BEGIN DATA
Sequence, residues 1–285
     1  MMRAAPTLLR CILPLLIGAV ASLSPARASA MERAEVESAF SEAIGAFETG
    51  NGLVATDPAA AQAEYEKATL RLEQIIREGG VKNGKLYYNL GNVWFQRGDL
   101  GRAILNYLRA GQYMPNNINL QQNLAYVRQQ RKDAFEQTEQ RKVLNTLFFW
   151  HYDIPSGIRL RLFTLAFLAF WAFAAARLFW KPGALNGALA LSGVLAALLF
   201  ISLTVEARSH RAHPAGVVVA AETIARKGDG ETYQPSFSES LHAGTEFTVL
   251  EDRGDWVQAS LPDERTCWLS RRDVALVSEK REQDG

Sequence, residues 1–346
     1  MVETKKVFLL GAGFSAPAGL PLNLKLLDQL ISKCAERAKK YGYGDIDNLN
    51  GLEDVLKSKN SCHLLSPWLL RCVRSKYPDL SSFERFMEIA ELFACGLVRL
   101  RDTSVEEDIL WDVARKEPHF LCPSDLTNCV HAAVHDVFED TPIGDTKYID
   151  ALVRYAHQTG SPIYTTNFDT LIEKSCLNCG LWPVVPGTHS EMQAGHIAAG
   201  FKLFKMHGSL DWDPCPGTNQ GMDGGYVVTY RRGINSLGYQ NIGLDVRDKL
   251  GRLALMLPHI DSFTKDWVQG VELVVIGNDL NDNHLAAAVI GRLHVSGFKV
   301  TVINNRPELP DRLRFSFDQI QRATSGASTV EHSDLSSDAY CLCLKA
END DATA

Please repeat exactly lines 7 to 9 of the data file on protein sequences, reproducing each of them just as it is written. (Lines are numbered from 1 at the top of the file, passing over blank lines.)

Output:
   251  EDRGDWVQAS LPDERTCWLS RRDVALVSEK REQDG

Sequence, residues 1–346
     1  MVETKKVFLL GAGFSAPAGL PLNLKLLDQL ISKCAERAKK YGYGDIDNLN